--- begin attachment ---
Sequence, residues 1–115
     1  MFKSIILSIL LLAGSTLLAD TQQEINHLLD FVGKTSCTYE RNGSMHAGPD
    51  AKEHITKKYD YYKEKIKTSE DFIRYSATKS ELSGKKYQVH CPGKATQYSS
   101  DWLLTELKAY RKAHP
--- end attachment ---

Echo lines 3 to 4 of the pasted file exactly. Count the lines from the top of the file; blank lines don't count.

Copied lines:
    51  AKEHITKKYD YYKEKIKTSE DFIRYSATKS ELSGKKYQVH CPGKATQYSS
   101  DWLLTELKAY RKAHP